This paper introduces a class of event history analysis used to examine how the operations of an air traffic controller change under light and heavy traffic workload. The analysis begins by assessing the hazard rate, h(t), of a transition (or spell) between the controller's communication and flight progress activities. h(t) is the instantaneous rate of going from one state (i.e. an activity of communication or flight progress) to another in a unit of time, given that the controller has been in the first state until time t. Results indicated that the spell distribution closely followed a Weibull distribution, a prerequisite for this analysis. The results also indicated that h(t) was more likely regulated by time in heavy than in light workload conditions, and that under heavy workload, indirect speech from the planner controller would decrease the h(t) for communication to flight progress spells. The results suggest that a dynamic model for the analysis of air traffic control may be necessary, and that the implications of using modular automation may not be straightforward. This technique may be of general use to examine temporal regularities in operating real-time control tasks.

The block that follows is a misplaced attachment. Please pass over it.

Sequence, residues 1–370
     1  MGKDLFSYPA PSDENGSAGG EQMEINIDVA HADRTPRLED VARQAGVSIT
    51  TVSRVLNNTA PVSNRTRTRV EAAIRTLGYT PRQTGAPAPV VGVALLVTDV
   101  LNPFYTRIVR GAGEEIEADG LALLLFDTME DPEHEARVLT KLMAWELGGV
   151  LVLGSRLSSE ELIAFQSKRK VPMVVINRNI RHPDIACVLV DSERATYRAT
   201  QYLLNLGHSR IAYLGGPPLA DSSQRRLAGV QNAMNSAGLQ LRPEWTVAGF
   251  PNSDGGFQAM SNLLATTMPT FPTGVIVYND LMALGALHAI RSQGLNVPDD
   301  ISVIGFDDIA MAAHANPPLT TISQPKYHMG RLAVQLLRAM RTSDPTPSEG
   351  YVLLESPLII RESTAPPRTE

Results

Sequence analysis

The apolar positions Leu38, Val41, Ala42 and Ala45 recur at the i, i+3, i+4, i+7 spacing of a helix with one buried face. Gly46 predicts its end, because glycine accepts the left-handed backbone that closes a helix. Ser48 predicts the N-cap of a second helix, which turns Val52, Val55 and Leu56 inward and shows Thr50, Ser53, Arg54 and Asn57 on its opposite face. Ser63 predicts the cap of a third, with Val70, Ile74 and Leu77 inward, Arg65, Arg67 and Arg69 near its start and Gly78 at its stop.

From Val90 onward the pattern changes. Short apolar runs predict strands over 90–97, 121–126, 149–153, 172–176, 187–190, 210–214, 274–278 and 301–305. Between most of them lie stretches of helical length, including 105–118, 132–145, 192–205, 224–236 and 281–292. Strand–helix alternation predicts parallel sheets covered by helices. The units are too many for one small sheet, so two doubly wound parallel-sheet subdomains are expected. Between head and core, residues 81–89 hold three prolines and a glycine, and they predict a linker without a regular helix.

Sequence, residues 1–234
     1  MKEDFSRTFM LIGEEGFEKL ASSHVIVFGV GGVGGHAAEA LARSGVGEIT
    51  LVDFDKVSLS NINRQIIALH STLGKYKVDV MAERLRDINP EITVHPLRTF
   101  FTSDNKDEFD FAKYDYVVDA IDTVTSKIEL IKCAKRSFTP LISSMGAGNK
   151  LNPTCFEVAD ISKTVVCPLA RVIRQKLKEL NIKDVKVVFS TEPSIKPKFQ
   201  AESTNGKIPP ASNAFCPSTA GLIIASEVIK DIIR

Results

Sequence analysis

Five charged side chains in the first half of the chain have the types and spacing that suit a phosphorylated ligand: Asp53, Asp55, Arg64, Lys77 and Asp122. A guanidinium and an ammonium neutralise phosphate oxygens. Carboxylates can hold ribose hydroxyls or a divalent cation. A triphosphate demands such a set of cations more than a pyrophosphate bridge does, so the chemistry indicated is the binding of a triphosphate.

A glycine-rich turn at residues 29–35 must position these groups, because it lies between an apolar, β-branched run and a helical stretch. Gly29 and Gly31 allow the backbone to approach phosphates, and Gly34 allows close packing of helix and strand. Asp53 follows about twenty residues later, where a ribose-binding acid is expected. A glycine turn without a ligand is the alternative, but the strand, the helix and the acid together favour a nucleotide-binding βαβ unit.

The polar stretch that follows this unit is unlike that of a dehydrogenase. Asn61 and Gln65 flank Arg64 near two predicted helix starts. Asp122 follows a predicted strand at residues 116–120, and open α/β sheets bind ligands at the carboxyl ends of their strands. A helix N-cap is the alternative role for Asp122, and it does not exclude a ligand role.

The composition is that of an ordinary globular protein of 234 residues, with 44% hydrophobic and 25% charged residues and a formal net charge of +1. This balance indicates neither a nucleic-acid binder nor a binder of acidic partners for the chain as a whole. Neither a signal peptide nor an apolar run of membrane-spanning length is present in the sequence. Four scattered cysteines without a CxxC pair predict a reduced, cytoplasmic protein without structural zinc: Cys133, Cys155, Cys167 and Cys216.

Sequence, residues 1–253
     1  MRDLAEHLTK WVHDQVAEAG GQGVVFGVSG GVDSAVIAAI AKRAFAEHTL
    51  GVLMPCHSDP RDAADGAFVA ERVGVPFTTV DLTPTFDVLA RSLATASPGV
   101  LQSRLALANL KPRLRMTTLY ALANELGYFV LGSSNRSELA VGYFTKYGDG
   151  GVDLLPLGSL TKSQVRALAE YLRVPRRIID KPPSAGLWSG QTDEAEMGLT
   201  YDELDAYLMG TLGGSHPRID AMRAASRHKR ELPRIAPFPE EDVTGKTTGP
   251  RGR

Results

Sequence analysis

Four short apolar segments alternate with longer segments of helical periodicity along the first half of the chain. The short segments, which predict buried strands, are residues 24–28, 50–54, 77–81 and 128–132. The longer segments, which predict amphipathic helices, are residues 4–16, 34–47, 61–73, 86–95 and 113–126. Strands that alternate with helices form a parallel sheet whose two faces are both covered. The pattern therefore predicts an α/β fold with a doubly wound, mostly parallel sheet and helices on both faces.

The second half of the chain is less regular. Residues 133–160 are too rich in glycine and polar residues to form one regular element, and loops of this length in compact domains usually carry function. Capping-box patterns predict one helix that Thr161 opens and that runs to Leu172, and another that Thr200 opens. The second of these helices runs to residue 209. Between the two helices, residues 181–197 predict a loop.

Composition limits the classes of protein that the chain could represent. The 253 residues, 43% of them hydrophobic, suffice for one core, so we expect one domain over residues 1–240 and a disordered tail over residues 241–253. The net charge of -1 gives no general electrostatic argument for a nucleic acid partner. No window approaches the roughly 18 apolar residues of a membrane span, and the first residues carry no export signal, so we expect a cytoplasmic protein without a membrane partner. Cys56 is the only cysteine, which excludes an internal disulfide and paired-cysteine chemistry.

|Original language||English (US)|
|Number of pages||16|
|State||Published - Sep 1999|
All Science Journal Classification (ASJC) codes
- Human Factors and Ergonomics
- Physical Therapy, Sports Therapy and Rehabilitation